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A nation must think before it acts.
Everyone thinks they know London. Its landmarks have been used in a hundred films, its skyline and riverscape instantly recognizable. For London has been at the centre of the world’s attention, on and off, for two thousand years.
Yet familiarity does not necessarily bring enlightenment. The very size and bedeviling complexity of the city have the power to obscure and to mesmerize; the unparalleled tangle of experience over such a long period of time can seem impossible to unravel.
What, then, was London? It was a capital city, a major port, an economic powerhouse, a magnet for talent and ambition. It was wealthy, populous, central to the nation, cosmopolitan yet self-absorbed and inward-looking. People have always migrated to London, from elsewhere in Britain as well as overseas, either to work or to seek a better life. London was the first modern city, with the world’s highest wages and the best standard of living for those in work. Yet London could just as easily be portrayed as a sink of depravity, a seething snakepit of avarice, prostitution and vice, with high death rates and pockets of great poverty and despair. In fact, of course, we cannot really talk of one London at all. Properly speaking, the City – the ancient walled city rather than the financiers’ Square Mile of today – is the true London, with its City wards, aldermen, sheriffs and lord mayor, city walls and Tower. But when we think of London now, we casually and understandably include much else besides, including the separate City of Westminster and the no less ancient Borough of Southwark.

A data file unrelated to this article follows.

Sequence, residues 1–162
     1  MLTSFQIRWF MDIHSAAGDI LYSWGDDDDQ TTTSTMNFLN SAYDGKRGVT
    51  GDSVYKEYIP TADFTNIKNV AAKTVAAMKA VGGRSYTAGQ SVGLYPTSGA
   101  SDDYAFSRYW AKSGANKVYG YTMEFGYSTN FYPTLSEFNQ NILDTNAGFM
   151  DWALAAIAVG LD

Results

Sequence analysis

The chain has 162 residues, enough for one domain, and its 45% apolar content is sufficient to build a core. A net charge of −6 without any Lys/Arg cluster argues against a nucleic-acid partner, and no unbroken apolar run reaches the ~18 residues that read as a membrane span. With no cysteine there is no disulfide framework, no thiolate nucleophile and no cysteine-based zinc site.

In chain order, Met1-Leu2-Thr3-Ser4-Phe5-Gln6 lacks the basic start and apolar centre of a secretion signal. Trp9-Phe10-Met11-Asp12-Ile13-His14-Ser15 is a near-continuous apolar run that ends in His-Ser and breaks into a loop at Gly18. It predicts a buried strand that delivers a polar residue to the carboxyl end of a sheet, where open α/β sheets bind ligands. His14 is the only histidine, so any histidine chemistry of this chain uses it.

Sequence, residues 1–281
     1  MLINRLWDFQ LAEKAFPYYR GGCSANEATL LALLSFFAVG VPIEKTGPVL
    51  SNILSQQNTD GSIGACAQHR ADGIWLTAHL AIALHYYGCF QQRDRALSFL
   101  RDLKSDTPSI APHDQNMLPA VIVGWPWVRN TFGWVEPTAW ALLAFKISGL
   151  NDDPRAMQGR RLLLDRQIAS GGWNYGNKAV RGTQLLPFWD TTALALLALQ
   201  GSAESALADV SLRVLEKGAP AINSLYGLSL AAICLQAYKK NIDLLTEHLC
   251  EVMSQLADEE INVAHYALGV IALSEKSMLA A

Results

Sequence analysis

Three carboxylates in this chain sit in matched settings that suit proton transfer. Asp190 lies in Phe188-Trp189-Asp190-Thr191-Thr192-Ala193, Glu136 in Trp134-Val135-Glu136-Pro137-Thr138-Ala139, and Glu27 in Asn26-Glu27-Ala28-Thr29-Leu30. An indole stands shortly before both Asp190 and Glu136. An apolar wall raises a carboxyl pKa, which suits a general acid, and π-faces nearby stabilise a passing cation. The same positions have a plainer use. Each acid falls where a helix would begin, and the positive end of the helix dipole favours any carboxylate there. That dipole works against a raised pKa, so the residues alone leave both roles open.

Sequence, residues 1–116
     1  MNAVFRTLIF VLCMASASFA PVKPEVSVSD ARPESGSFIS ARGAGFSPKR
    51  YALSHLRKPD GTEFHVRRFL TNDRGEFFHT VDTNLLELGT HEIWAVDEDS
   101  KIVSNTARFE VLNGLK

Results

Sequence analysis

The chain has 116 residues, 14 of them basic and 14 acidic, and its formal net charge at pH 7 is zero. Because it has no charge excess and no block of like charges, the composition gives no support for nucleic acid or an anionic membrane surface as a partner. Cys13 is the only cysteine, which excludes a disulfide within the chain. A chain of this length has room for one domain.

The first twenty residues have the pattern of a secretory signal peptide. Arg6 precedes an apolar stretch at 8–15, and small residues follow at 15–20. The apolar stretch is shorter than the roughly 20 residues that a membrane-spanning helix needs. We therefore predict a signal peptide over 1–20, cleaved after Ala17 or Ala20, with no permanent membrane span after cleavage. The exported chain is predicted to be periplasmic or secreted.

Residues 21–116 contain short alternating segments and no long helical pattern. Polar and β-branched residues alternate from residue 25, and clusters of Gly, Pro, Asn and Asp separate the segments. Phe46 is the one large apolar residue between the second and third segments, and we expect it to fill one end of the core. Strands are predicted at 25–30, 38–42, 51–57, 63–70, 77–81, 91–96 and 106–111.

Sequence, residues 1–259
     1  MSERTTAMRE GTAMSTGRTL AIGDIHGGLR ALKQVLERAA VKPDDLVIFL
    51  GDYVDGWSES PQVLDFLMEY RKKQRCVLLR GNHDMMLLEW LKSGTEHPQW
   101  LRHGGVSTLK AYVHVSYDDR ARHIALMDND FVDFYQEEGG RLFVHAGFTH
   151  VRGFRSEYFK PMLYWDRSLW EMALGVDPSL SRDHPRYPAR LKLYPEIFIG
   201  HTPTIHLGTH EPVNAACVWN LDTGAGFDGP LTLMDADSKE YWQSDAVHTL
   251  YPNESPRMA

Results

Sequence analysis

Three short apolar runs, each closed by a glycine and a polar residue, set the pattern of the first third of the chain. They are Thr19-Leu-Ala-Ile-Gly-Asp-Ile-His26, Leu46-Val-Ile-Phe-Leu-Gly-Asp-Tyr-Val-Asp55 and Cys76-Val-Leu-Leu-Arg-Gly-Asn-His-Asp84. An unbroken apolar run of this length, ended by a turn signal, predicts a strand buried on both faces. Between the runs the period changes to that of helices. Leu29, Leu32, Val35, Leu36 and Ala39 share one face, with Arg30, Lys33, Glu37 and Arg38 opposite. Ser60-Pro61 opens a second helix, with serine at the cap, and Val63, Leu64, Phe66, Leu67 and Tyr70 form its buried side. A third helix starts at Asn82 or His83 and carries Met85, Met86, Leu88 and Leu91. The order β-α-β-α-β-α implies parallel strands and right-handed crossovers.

This new narrative history of London pulls together all of these varied themes – and many others – with great skill, perspective and clarity. Fully illustrated, it gives the most complete and accessible insight into London’s 2,000 years of history currently available.